The Future Human
More than ever, engineering is informing medicine. Breakthroughs that range from synthetic skin to artificial hands are restoring people to health and challenging the very concept of disability.
This special section features some of the work being done by Michigan Tech researchers at the junction of healing and engineering.
- An artificial leg that mimics our innate gait
- Cardiac vessels made from stem cells
- A new nano-surface that could slash the failure rate of titanium implants, from hip replacements to new teeth
Science fiction is replete with cyborgs, seriously injured souls rebuilt to have amazing powers. Today’s scientists and engineers are accomplishing something more extraordinary: re-creating the natural intricacy of a healthy human body.
Stepping out in style
Walking is tricky business, as any toddler knows. And while most artificial feet and limbs do a pretty good job restoring mobility to people who have lost a leg, they have a ways to go before they equal the intricacy of a natural gait. As a result, over half of all amputees take a fall every year, compared to about one-third of people over the age of sixty-five.
In cooperation with a Mayo Clinic scientist, researchers at Michigan Tech are taking a giant step toward solving the problem. They are making a bionic foot that could make an amputee’s walk in the park feel, well, like a walk in the park.
The secret lies in the ankle. Mo Rastgaar, an assistant professor of mechanical engineering–engineering mechanics, and PhD student Evandro Ficanha are working on a microprocessor-controlled ankle-foot prosthesis that comes close to achieving the innate range of motion of this highly complex joint.
These computerized artificial legs have pressure-sensitive sensors on the bottom of the foot that detect how the amputee is walking. The sensors instantaneously send signals to a microprocessor, which in turn adjusts the prosthesis to make walking more natural.
The microprocessor-controlled prostheses on the market can move an artificial foot in only one direction, toe up and toe down, which is fine if you are marking time on a treadmill, said Rastgaar. “But in reality, we never walk in a straight line for any length of time,” he said. “When you walk and reach an obstacle, you have to turn, and there’s always something in our way.”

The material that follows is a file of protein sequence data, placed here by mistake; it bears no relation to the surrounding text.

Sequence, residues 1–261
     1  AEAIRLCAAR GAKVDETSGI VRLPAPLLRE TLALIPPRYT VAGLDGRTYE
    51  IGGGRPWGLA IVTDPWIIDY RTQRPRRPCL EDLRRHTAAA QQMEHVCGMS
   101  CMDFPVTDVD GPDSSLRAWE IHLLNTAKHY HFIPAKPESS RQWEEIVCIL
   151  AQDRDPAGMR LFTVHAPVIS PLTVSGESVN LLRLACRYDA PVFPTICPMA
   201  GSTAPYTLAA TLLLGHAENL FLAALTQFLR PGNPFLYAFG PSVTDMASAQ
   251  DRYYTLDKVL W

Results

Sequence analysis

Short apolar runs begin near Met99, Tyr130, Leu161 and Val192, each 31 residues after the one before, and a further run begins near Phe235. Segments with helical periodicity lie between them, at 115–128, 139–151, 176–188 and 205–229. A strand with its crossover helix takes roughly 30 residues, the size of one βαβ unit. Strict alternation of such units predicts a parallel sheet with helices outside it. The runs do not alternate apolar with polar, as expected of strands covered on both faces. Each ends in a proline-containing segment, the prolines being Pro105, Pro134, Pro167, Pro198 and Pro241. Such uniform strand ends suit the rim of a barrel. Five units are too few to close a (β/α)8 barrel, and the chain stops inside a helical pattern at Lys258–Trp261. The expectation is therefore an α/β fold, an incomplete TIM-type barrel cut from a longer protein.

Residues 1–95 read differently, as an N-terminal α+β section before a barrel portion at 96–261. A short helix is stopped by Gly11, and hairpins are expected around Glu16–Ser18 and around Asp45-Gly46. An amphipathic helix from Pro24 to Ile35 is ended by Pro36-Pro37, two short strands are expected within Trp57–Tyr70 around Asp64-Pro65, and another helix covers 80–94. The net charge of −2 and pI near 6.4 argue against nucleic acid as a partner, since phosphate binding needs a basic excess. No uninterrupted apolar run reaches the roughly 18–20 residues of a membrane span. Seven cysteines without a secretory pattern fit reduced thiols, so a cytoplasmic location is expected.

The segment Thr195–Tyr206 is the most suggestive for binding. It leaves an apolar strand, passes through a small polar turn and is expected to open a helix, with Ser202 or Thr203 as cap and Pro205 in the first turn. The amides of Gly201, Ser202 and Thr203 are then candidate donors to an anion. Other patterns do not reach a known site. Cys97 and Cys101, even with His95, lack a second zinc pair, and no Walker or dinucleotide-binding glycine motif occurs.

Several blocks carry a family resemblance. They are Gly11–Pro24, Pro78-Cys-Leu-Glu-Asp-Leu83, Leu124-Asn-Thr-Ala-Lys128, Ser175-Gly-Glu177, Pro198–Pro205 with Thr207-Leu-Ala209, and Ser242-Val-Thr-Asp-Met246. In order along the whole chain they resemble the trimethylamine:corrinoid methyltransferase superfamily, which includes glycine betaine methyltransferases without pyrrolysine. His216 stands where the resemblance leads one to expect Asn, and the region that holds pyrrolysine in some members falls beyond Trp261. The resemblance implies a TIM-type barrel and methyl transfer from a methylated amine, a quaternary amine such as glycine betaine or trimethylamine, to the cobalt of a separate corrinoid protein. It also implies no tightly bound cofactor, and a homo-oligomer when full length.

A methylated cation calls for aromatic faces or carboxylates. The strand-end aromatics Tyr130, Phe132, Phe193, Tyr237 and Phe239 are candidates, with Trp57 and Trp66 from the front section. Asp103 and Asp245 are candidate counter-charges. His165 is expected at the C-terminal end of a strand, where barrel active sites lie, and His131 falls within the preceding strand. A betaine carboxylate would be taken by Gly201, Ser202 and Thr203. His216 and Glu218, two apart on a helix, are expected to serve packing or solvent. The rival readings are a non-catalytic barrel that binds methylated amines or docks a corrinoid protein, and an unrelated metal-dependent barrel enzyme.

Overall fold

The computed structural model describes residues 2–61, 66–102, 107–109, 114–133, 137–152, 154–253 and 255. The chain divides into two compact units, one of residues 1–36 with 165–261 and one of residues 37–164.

So, Rastgaar and Ficanha designed an ankle-foot that can move on two axes, incorporating a side-to-side roll as well as raising the toe up and down. And they moved the power and control mechanism up and away from the leg using a cable-driven mechanism. That lightens the prosthesis, making it much more comfortable and easy to use.
The cable that moves the prosthetic ankle-foot is similar to those used in bicycle brakes. It runs from the control box to the ankle mechanism and can turn the foot in almost any direction.
As part of their study, the team designed and built a large circular treadmill on which the robotic foot “walks” in circles. In tests, the prosthetic was able to copy the angles of a human ankle walking in a straight line and turning.
Kenton R. Kaufman, director of the Biomechanics/Motion Analysis Laboratory at the Mayo Clinic in Rochester, Minnesota, is collaborating in the effort to refine the prosthesis and make it available to amputees, especially wounded warriors.
“Artificial limbs tend to evolve from wars because of the increased awareness of the problems faced by amputees,” said Kaufman. A primary focus is improving safety.
“Amputees have lots of problems with falling; 64 percent of above-the-knee amputees fall every year, compared to 33 percent of older adults,” he said.
The latest generation of microprocessor-controlled prosthetics is a step in the right direction. “They provide active control of the joint and improve safety and function,” Kaufman said. “But the advantage of Mo’s foot is that it is biomimetic—it mimics biology—so it allows a more natural walking pattern to occur, which should result in a better gait and fewer falls.”
The researchers expect to begin refining their design at the Mayo Clinic this summer.
Arteries in aisle 9
Stems cells are a body’s newborns, bright, malleable, and full of promise. Feng Zhao is guiding them toward a future as life-saving blood vessels.
In the United States alone, hundreds of thousands of people a year undergo surgery to bypass a blocked artery and restore blood flow. Typically, surgeons first cut a vein from the patient’s leg or chest. Then they use it to create a detour around a blockage in the artery, restoring circulation.
The technique works well—if the patient has a good vein and suffers no complications. However, many thousands of patients do not have healthy veins available. They must settle for grafts made from synthetic materials, which are prone to clots and blockages, or veins taken from animals, which can provoke a dangerous immune response.
New research is leading to the development of bioengineered vessels grown from human stem cells, but so far, the vessels have been on the large side. Some cardiac bypasses require smaller grafts, with an interior diameter of six millimeters or less. Scientists are growing smaller blood vessels on a scaffold, but the materials in that scaffold can set off the body’s immune system.
“There’s not a perfect solution on the market,” says Zhao, an assistant professor of biomedical engineering. “So we’re trying to make a completely biological vessel. We use just the stem cells. We let them do all the work.”